Name: Victor Hurdugaci (23)
Country: Romania
Study: Computer Science Engineering (EEMCS faculty)

“I spend a considerable amount of time online. Mostly, I use the internet to solve problems. The internet is a vast collection of answers and I try to get to them as soon as possible, in order to finish my tasks faster.

I follow quite a few websites and with RSS reader I have everything in one place, which helps me triage the information. I currently follow about 25 websites, 10 of which are comics – yes, I love comics. Speaking of which: – excellent geekish jokes.

Both my personal and professional life is strongly connected to the Internet. This is not necessarily because I want to. When I first came to the Netherlands two year ago I didn’t have a Facebook account. I had to create one because many events were announced there and I was excluded from real events just because I wasn’t online. I currently work at Microsoft, where it’s impossible to stay offline because we have branches all around the world and need to keep in touch with fellows from other countries. 

I wouldn’t say that too much of my social life revolves around online communication. Of course there’s lots of online communication, but I prefer face-to-face conversations. I rely on online-based communication just because I don’t have any alternative. While online communication is a revolution and helps a lot, it still doesn’t allow us the express, all the time, the true meaning of the message. I have a blog- – that is more like a personal website where I post both thoughts and projects. It started from my desire to help others, after writing my first tutorial. I want to help others solve their problems faster and focus on what is truly important. I consider myself an amateur blogger and maintain this blog for fun, not for revenue, although I do have some ads on it, but only for covering the hosting costs.“In the Netherlands I had a friend from Bangladesh. Then I met another guy from Bangladesh in Denmark. I told this guy from Denmark that I had met someone else from his country, that the chances of the two guys knowing each other was slim to none. I then added my new friend on Facebook and surprise: we had a friend in common – my other friend from Bangladesh. Apparently they studied at the same high school. After this experience I realized that the world is getting smaller and smaller.” (DR)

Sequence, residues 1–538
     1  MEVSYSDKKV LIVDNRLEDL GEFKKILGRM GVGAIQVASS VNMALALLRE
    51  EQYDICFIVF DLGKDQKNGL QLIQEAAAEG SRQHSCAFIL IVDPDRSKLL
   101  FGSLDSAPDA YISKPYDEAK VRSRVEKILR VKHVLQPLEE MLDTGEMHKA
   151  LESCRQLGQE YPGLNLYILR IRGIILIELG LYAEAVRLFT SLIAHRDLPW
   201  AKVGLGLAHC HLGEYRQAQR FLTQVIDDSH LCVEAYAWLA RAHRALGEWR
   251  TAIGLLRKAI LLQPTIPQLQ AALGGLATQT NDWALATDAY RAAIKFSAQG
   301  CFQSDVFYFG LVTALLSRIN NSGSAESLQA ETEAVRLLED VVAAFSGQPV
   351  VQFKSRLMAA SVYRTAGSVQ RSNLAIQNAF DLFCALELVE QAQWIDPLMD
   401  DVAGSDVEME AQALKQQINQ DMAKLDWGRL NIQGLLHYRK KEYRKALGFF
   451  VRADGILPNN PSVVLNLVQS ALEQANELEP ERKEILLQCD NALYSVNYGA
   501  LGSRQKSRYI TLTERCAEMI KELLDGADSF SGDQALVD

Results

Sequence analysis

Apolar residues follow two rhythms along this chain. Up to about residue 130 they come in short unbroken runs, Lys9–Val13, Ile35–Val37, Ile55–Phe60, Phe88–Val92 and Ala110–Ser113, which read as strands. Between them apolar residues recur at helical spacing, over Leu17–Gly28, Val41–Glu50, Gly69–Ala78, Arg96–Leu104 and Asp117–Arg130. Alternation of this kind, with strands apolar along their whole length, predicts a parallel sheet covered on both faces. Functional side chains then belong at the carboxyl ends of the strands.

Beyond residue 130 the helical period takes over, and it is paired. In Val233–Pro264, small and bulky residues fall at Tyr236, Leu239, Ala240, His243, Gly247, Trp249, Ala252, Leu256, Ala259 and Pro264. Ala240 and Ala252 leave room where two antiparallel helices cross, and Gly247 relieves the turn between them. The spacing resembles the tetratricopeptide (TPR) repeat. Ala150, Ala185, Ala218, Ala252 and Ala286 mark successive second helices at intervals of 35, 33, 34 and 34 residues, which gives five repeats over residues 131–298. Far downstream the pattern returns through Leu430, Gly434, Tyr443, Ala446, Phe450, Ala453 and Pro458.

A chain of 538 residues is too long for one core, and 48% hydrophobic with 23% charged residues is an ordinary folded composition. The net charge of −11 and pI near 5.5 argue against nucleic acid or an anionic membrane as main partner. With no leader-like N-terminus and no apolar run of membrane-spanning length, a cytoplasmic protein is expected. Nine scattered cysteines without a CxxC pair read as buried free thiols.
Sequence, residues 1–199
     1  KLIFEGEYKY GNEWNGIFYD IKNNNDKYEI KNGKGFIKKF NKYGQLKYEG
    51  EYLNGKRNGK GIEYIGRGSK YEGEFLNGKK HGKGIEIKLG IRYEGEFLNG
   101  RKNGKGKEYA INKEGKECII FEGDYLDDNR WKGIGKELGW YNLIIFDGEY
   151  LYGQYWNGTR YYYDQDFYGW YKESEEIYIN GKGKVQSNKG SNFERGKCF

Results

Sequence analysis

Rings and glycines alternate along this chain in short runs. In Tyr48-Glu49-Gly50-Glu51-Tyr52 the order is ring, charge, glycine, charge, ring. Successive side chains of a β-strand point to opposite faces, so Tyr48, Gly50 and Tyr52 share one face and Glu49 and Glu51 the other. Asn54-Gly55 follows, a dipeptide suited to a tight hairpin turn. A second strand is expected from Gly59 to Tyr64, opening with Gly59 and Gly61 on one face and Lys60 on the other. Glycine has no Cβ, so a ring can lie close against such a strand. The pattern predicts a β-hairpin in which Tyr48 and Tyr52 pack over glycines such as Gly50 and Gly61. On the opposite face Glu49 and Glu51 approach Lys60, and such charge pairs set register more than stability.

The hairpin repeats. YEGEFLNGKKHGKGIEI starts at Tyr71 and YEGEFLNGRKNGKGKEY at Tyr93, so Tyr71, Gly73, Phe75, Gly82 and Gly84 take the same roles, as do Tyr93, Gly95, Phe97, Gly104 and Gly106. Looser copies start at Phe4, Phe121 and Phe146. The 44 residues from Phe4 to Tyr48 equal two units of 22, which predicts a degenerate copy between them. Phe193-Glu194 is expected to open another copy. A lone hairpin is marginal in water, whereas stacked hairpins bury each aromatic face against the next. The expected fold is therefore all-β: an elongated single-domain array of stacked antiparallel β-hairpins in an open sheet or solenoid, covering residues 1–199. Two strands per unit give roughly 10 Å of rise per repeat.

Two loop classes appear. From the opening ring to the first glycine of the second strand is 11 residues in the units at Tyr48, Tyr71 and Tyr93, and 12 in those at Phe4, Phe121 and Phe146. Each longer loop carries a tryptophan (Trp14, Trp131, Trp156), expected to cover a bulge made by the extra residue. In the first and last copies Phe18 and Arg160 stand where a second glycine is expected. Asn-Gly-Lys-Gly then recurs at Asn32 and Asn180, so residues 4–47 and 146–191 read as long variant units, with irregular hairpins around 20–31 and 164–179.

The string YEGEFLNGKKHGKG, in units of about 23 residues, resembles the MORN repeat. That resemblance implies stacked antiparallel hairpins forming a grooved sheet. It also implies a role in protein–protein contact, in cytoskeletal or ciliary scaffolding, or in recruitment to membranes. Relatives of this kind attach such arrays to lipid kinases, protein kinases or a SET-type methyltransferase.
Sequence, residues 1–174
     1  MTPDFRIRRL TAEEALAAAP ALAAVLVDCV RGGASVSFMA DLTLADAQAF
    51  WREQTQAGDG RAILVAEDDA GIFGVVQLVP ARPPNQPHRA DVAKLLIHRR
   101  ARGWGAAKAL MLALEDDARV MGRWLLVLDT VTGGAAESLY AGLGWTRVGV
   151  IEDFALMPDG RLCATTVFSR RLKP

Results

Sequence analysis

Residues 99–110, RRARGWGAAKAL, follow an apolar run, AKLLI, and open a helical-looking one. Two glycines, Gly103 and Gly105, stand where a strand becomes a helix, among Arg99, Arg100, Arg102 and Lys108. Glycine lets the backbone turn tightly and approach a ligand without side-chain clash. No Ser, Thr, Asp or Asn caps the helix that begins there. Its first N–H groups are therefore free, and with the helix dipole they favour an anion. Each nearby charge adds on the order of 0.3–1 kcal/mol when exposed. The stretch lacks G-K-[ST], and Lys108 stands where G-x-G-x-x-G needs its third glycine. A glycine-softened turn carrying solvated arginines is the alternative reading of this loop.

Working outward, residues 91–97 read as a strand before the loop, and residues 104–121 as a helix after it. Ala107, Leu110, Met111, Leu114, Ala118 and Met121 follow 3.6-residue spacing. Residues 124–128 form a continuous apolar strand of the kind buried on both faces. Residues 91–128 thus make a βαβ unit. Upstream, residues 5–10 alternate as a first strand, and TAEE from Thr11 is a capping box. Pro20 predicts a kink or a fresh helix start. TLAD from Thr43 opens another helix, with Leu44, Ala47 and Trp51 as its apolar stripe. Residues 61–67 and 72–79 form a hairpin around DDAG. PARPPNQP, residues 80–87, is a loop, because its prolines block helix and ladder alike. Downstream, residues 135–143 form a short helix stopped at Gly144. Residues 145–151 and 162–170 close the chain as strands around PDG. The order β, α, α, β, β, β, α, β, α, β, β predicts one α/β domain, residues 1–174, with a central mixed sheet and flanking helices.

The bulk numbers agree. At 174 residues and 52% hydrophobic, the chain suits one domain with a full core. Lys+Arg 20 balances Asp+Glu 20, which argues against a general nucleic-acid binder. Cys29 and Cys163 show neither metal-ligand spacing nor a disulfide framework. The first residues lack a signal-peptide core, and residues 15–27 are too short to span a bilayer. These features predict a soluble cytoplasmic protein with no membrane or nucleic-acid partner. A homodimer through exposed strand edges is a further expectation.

The explosion of a pipeline caused oil to start leaking. The pipeline was attached to an oil well at the bottom of the Gulf of Mexico, some 1500 meters below the surface. Following the explosion, the pipeline caught fire and the oil rig sank. 150,000 litres of oil a day are now leaking into the sea. “There is an investigation going on, so we don’t yet know exactly what happened, but I think it was what we call a blowout,” says professor of offshore engineering, Kees Willemse (Civil Engineering/3mE). “After a drill has made a borehole in the ground, they put a casing in it and fix it with cement. Probably some oil or gas leaked past the casing. This happened under very high pressure, so it went up very fast to the oil rig, which then caught fire.”
There are several systems, including a blowout preventer, that should prevent this from happening. “That machine, which is located on the seabed, should have closed the borehole with its valves when gas or oil leaks. I have no clue why that didn’t work. It often happens that a little gas leaks and the blowout preventer stops the flow from getting out of control.”
Using remote controlled robots, specialists are now trying to activate the blowout preventer. But that’s probably a tough job, Willemse surmises: “They’re operating at a depth of 1500 meters with a twisted pipeline, because of the explosion. The oil rig sank and parts of it are probably lying around as well. So it will be very hard.” These robots are small submarines equipped with powerful lights, a camera and two tentacles to grab and move things.
If the rescue operation with the robots doesn’t work, there are still other options left, however. “They could drill a relief well”, Willemse suggests. “Another oil rig drills a new hole that intersects with the old borehole, into which a substance is placed that will stop the oil from leaking. But this has to be done very precisely, using advanced technology, because it is done at a depth of more than 1500 meters and a further five kilometres into the rock at the seabed.”
This explosion shows that drilling for oil at great depths can indeed be dangerous. Willemse: “It confirms what we already know. We have to be very careful and take extreme safety precautions. It’s very important that oil companies, like BP, in this case, are committed to stopping the oil from leaking. They are using ships to try to keep the oil contained at the surface, while airplanes drop chemicals to break down the oil. I hope this dedication will help to keep the damage to a minimum.”

Redacteur Redactie

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